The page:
Scientology-related entities, including those recognized . . . as tax-exempt continue to be organized and operated in conformity with the requirements of Code 501(c)(3) and the provisions of the Agreement. Further, the CTCC is to ensure that no Scientology-related entity, regardless of whether this entity is described in Code section 501(c)(3), engages in any conduct that may endanger the tax-exempt status of any other Scientology-related entity or that would otherwise be in contravention of this Agreement (Department of the Treasury-Internal Revenue Service, 1993: Section IV. IV. 1.).
Appointed to this compliance committee were corporate, at-large, and individual members, all of whom were Scientologists. (Critics, of course, see the committee’s composition representing a massive conflict of interest.)
In any case, one of the CTCC’s assignments was to dissolve WISE: “10. The members of the CTCC shall, no later than December 31, 1995, effectuate the dissolution of WISE, Inc. and the transfer of all of its assets, including but not limited to its rights to Scientology religious marks, to the Inspector General Network” (Department of the Treasury-Internal Revenue Service, 1993: IV. E.10). The IRS/Scientology agreement does not say why it required the dissolution of WISE, Inc., but presumably it was because its activities in the business world would disqualify Scientology’s charitable status designation. Possibly to ensure compliance, the agreement required the CTCC to include the “World Institute of Scientology Enterprises” in its annual report (Department of Treasury-Internal Revenue Service, 1993: IV. B. 2. a.). Nevertheless, “The Personal Integrity Course” that some of Dr. Cabi’s staff took has “WISE Publications,” then “Copyright © 1982” as the publisher.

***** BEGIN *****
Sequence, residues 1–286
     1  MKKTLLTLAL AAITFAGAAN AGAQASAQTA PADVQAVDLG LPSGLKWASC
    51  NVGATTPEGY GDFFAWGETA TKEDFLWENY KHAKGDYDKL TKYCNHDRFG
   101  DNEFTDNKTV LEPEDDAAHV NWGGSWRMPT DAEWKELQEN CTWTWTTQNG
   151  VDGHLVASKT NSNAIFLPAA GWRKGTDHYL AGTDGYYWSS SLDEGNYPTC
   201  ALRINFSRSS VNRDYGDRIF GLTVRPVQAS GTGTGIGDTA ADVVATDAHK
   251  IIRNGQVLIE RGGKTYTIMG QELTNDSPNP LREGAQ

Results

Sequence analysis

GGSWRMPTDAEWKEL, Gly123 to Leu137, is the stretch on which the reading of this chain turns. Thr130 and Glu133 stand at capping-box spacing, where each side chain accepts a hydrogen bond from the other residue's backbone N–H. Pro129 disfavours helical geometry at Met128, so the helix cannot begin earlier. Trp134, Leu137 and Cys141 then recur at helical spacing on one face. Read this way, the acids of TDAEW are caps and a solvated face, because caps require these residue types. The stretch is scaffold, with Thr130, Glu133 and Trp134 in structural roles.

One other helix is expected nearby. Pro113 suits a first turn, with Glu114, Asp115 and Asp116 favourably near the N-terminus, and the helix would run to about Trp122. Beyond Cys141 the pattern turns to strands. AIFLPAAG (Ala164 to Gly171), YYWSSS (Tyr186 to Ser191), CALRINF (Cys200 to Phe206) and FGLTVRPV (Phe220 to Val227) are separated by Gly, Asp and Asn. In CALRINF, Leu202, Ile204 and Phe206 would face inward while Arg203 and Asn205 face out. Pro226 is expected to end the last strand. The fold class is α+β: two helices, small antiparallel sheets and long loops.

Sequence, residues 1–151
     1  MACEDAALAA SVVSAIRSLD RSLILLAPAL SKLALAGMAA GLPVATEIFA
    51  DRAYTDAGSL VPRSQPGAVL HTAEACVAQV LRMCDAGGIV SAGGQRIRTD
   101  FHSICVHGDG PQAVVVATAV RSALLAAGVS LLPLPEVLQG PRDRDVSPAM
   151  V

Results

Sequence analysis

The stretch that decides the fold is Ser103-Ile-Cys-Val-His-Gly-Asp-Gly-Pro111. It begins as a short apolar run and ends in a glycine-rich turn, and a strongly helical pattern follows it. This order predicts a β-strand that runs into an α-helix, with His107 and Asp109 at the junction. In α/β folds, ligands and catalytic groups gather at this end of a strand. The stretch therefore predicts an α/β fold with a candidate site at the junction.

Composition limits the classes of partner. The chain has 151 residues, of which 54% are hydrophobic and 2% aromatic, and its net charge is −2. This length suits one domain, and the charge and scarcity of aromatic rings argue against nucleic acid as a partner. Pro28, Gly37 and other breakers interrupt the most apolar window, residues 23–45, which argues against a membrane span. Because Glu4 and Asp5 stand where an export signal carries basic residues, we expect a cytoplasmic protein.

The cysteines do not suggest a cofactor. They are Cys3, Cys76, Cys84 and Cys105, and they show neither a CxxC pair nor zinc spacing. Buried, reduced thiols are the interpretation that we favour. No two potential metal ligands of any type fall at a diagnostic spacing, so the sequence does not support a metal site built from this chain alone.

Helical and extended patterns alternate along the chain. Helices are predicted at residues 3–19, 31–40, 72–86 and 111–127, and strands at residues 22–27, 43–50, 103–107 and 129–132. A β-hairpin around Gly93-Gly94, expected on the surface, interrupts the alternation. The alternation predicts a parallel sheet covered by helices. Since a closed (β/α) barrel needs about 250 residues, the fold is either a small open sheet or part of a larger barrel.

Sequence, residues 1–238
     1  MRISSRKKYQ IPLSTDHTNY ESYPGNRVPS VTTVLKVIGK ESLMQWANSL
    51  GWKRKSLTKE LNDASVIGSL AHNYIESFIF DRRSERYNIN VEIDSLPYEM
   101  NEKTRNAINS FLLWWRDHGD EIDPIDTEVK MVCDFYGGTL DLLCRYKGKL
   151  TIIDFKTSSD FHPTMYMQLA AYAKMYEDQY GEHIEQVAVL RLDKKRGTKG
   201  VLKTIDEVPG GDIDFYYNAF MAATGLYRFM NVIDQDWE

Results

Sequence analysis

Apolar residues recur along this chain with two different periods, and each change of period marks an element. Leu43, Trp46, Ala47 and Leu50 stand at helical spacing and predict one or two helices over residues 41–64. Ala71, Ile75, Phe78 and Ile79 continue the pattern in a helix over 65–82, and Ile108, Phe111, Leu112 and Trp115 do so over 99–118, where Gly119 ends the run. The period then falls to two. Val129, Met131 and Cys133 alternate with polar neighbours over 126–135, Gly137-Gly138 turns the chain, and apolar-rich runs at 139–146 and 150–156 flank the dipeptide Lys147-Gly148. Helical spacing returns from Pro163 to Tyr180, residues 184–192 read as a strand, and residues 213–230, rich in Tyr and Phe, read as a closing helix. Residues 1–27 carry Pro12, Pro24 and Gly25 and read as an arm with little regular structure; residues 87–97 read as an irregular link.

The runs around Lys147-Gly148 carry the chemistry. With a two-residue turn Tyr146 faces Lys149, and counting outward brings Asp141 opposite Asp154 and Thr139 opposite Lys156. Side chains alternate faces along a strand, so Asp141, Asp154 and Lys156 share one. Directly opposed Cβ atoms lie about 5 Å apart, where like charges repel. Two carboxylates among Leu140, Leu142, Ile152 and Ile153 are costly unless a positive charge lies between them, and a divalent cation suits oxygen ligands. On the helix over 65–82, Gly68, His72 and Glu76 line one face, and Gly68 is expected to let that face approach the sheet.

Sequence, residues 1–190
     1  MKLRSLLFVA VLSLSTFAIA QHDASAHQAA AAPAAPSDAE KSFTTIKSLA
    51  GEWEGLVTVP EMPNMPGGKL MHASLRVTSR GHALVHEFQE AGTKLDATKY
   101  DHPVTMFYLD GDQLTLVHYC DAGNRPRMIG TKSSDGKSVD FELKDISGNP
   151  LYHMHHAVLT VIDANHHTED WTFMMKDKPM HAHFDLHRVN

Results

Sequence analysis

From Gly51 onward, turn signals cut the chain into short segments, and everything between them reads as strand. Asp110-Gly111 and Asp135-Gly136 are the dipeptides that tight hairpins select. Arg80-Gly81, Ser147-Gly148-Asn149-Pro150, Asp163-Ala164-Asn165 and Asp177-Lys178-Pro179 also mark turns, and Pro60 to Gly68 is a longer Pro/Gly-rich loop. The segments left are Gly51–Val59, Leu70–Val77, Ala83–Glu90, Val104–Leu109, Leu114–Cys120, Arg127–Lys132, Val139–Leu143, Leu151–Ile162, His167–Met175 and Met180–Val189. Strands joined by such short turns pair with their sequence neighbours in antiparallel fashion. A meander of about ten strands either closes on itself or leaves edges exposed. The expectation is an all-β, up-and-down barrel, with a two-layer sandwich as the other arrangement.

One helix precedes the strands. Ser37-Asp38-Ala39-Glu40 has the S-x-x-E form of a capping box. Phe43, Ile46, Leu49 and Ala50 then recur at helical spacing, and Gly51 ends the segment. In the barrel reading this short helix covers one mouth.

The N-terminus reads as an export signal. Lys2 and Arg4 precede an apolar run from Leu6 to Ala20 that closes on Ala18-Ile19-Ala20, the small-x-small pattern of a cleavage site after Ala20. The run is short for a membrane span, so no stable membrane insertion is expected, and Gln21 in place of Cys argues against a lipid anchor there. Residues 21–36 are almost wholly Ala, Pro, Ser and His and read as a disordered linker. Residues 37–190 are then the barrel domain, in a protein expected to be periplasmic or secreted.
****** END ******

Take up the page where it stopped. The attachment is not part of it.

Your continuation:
Currently, Scientology has a web site on WISE, and on it has a link to information about the “World Institute of Scientology International.” In essence, it appears that Scientology probably dissolved WISE Inc., according to the requirements of its agreement with the IRS, but then formed the World Institute of Scientology International, which carries on the activities of the defunct WISE Inc. One must wonder, therefore, if Scientology has broken the spirit, if not the letter, of the agreement, thereby putting its charitable status in jeopardy. If so, then this probable breach highlights problems with the Church Tax compliance Committee, whose job it is to monitor for and prevent such occurrences.